• (…)

It was very painful! I was living in a small town where I was the only black person… My childhood was conflicting. I didn’t really know where I was from. I knew I was adopted because I was the only black in my family and every person I met reminded me constantly. That really hit me when I was 9 years old and the teacher asked us to draw and talk about our family tree. It was a confusing time. Asking my teacher if I have to talk about my biological family or my adopted family, she replied you’ve to talk about your real family because family tree is related to genes. ‘Family is blood’. So I came back home and asked my mom : ‘ if you’re not my family, where is my real family?’

Research of my roots

Since this moment, I used to talk about Africa and my origins. I thought I had to make a choice between acting like a white person or acting like a black one. So my mom thought it would be a good idea to force me to spend time with Charlène and to call as often I can with Elisa. It was more confusing than helpful. To be honest, it was more hurtful and I didn’t fully accept my adoptive family because of the link I kept with the past. I know now that Charlène had “a job” to do. Getting older, she knew why she was sent to Belgium and she’d to remind me I was there for the same reason, sending money back to Ivory Coast.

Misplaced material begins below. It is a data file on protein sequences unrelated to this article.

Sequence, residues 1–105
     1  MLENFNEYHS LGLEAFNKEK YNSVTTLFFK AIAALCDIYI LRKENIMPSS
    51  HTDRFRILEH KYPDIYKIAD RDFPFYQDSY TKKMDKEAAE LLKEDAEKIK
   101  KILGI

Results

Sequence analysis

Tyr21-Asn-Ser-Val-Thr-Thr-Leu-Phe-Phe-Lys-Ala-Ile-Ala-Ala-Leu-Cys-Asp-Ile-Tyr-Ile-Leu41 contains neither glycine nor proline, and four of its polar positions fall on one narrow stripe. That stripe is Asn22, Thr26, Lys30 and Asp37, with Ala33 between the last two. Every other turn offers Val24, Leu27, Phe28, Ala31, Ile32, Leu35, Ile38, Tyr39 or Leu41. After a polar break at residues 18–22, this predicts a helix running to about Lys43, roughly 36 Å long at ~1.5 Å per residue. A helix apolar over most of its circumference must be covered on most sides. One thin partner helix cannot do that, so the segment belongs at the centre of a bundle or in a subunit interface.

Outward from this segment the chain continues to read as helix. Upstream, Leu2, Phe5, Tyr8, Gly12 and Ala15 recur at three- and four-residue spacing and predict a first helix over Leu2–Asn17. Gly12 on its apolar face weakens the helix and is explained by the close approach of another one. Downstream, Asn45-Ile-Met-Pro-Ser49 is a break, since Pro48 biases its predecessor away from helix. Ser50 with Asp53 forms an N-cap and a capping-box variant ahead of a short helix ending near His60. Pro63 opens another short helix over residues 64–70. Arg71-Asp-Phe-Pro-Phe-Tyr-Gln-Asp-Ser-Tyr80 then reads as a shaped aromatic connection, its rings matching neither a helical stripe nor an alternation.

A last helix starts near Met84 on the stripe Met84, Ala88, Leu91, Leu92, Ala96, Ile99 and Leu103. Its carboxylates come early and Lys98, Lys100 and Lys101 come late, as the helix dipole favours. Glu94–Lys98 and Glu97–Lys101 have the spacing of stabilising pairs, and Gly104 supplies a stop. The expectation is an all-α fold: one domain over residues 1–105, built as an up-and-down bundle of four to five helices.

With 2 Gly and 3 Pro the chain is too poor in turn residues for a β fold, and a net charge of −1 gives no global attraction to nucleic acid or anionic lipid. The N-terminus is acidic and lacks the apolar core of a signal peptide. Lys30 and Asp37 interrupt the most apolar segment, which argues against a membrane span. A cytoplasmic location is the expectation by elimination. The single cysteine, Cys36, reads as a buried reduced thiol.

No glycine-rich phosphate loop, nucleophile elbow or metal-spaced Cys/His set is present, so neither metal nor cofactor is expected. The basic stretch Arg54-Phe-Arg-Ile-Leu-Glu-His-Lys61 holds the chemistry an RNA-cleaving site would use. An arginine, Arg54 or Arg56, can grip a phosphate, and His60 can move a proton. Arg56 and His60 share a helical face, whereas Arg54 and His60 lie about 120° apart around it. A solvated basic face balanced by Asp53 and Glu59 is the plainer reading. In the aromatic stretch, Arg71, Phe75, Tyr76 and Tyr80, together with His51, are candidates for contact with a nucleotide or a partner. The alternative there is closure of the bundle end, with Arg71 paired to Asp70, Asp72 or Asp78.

“Do This, Do That”

One day a black family moved into town and I thought I would learn more about being black if I spent all my time with them. I started acting like them and the family was manipulating me to be PRO BLACK. The dad was a pastor and he was saying “God bless you, forget your parents, they might hurt you, but they are your real parents, they gave birth to you and you should be grateful, thanks to their choice you’ve a better life, to help them when you’ll be older!’. Meanwhile the mom was saying “you can’t wear outfit like that, you’re not a white girl, you can’t act like that!” Their kids only wanted my toys. They said because we’ve the same color, we’ve to share everything. Naïve, I gave them my money for lunch, my birthday toys, the clothes I received because I didn’t like them, etc.

Moving Around And Moving On

That lasted maybe one year, until my mom went to hospital for a few months. I went to live with my godfather in a bigger town. There he taught me how to find myself and respect myself. We talked a lot and he made me read a lot stories. That did help me to be far from a small town mentality. If it wasn’t for my godfather, I would probably still be in a state of confusion about adoption. Without him, I wouldn’t know what is important to care about, to not care about people’s opinion, etc. If I could tell my 9 year old self anything, it would be do not care, people are just fucking ignorant AND tell them to fuck off!

Acceptance of Adoption

Anyway, this whole process led me to lash out and become somewhat angry, probably due to confusion of where I belong. It only adds to an adopted childs confusion being referred to as “the adopted family member” .Unlike black people who were rejecting me because I was living with white people, they often feel “betrayed”. Even now, grown black adults seem to not understand my situation.

I’ve a lot more to discuss on this topic, but I’ll leave it for another day.